I now turn to another interesting feature. This is the so-called conservation law. In everyday life we are all familiar with such statements as "you cannot expect to get something out of nothing" or, "whatever goes in must come out", and so on. These describe conservation laws. The laws of physics tell us that in the universe certain quantities are always conserved.
To give an example, matter and energy together are always conserved when a physical system undergoes a change. If the system has a certain amount of matter and a certain amount of energy before the change, then after the change we expect the amounts of matter and energy to add up to the old ones. If we have lost some matter during the change it must reappear as energy and vice versa. The conversion from matter to energy is described by the celebrated Einstein equation E = mc2. Another conservation law is that of conservation of momentum. When two bodies collide their momentum before collision is the same as their momentum after collision.
The conservation laws play an important part in the physical description of the universe. If in the description of a certain process we find that these laws are violated, we suspect that some- thing is wrong with the description. A historic example is that of the beta decay. In this process a neutron decays into an electron and a proton. When this process was first observed the energy and momentum of the new particles did not add up to the energy and momentum of the original particle. To restore the balance, Pauli postulated the existence of an additional particle, which carries the remaining energy and momentum. This particle is now identified as the anti-neutrino. It moves with the speed of light, but has no mass or charge. This is the reason for the difficulty of detecting it experimentally. In fact the neutrino and the anti-neutrino interact so weakly with matter that they can pierce through several light years of it without being absorbed! But for the conservation laws they might have escaped detection for a long time!
There are various conservation laws besides those of energy and momentum. They are consequences of the basic laws of physics. Why should such laws exist? It is now known, thanks to mathematics, that there is a strong connection between symmetries and conservation laws, if we follow what is known as the principle of least action. I shall presently describe this principle, but let me illustrate the connection. Take for example the symmetry of translation. This says that the laws of physics are unchanged if we displace the physical system as a whole in any given direction. This symmetry is connected with the law of conservation of momentum. If instead of displacement in space, we displace in time, i.e., observe the system a little later, again the laws do not change. This symmetry leads to the conservation of energy. In fact, as mentioned before, if the least action principle is followed we get a conservation law corresponding to every symmetry we build into the physical laws.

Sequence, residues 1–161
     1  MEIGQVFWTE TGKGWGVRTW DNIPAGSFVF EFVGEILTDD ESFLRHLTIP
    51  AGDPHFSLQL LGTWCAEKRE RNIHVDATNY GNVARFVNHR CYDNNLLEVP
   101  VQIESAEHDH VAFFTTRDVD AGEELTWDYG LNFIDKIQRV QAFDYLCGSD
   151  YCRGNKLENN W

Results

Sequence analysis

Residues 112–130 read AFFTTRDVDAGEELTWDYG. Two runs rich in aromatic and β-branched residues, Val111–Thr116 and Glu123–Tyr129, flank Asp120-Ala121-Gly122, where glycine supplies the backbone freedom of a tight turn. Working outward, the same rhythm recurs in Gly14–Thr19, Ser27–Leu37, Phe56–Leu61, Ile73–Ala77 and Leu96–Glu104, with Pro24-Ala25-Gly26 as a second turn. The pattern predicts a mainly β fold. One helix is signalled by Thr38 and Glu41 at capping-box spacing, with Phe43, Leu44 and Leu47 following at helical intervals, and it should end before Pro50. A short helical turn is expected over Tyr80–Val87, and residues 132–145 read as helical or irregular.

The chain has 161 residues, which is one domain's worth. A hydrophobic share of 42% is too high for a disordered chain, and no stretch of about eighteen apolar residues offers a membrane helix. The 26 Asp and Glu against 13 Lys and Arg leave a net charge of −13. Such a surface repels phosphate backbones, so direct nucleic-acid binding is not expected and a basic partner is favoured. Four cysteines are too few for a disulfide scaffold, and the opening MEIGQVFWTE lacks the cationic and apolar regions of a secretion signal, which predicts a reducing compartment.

What is the principle of least action? Action is a mathematical functional of the various physical quantities under consideration. Now suppose we have a system whose behaviour we want to study over a given space time region. Also suppose we do not know the laws of physics obeyed by the various quantities com- prising the system. We then look at the action functional and say that the system will obey those laws, which make the action over the whole region of space and time in question, a minimum. This is another way of saying that nature is lazy -- of all the various possibilities involved it chooses that which involves the least action. How is the action functional defined? There is no unique way of doing this although there are several guiding principles. For example, the symmetries, which we want to build into the physical laws, severely limit the possible forms of the functional. The important point, however, is that once the action is defined the laws of physics follow uniquely by the principle of least action. And, as mentioned above, these laws imply conservation laws corresponding to the symmetries that went into the action functional.
To summarize -- what I have said so far may have given you some idea of the beauty and pattern observed in this universe of ours, and holy this is reflected in the laws of physics describing it. By beauty, I do not refer to what we see through our eyes such as natural scenery. The literary people can give you a much better description of it than I can. I refer to the beauty as seen through the eyes of a mathematician. Why should there be such a mathematical pattern in the universe? We do not know. The great astronomer Sir James Jeans expressed the view that "front the intrinsic evidence of his creation, the Great Architect of the Universe now begins to appear as a pure mathematician!"